SUBSCRIBE

Breaking News on Supplements, Health & Nutrition - Asia PacificEU edition | US edition

Read more breaking news

 

 
Vitafoods Asia 2017

Market entry to China 'like hosting the Olympics' — you need at least four years

By Cheryl Marie Tay+

06-Sep-2017
Last updated on 08-Sep-2017 at 04:03 GMT2017-09-08T04:03:39Z

Regulatory uncertainity remains in China, said Fong. ©iStock
Regulatory uncertainity remains in China, said Fong. ©iStock

Supplement firms looking to set up shop in China should not buy into local businesses’ promises of guan xi (connections), and should be mindful that it could take up to four years of preparation to enter the market.

That was the advice from China Health Care Association’s international marketing consultant Clarence Fong, who spoke at a conference on China’s health supplement market at Vitafoods Asia.

He highlighted the tendency of Chinese companies to claim they have guan xi and to over-promise when dealing with potential business partners from overseas.

“Everyone will tell you they have connections. Don’t be too trusting.”

Instead, business owners should first carefully assess a few key factors before taking steps to enter the Chinese market.

First and foremost

Fong said successful entry into the market does not necessarily translate to successful sales, and urged firms to have realistic expectations.

For instance, many foreign company owners make the mistake of assuming that partnering with local firms in China means security for their business in the country.

However, he stressed that “local partners are not problem solvers”, even though local representation is a cost-effective way to get a foot in the door.

He also said innovative products do not always create new opportunities in China for foreign manufacturers, especially because the supplement market is highly competitive.

‘Do your homework’

Fong advised supplement firm owners who have decided to go ahead with their Chinese ventures to “do your homework”, saying they should clarify any connection claims from potential business partners.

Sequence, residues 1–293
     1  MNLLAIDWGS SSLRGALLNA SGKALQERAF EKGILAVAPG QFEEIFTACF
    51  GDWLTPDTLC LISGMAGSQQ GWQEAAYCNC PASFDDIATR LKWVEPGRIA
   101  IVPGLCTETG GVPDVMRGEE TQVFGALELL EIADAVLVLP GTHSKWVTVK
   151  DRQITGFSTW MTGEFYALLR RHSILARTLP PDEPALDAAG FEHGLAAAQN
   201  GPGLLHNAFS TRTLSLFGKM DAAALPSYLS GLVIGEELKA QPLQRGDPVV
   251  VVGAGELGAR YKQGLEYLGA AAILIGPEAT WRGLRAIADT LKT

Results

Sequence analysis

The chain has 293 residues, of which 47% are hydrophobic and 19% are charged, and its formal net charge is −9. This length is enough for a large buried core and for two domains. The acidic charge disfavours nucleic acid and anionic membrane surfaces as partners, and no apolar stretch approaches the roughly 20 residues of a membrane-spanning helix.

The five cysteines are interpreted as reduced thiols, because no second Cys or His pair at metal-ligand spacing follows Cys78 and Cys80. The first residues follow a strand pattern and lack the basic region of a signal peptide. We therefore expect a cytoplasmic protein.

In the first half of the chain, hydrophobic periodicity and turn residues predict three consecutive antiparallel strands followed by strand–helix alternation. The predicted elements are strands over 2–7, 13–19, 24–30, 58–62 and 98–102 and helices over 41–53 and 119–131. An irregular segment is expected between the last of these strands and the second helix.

In addition, they should learn all they can about Chinese culture and be flexible enough to adapt to it, as not doing so has hampered opportunities for many foreign businesses trying to enter the market.

“They buy a plane ticket, come to China, go for a few trade shows and think they know everything,” he said in criticism of some overseas business owners.

He further advised foreign supplement firms not just to budget for government registration costs, but to treat entry costs and other related expenses as part of their investment into establishing a presence in China.

Foreign fixation

China’s health supplement market has been growing steadily, and many foreign companies are eager to take advantage of widespread consumer interest in supplements from overseas.

Chinese consumers often perceive supplements from countries and regions such as Australia, New Zealand, Europe and the UK as superior in quality to domestic supplements, thanks to the numerous food scandals in China and the solid reputation of many foreign supplement companies.

However, because China’s supplement sector ishighly regulated and “the regulatory environment is constantly changing”, entering the Chinese market is challenging for foreign supplement firms.

In fact, a new regulatory system for cross-border e-commerce, one of the most lucrative channels for foreign supplement firms exporting to China, will be introduced come 1 January 2018.

This is concerning not just for overseas supplement companies, but also for Chinese consumers who have relied on e-commerce to avoid high mark-ups on imported products due to taxes and added expenses.

Fong closed the session with a reminder: “Trying to enter the China market is like hosting the Olympics — it takes at least four years of preparation.”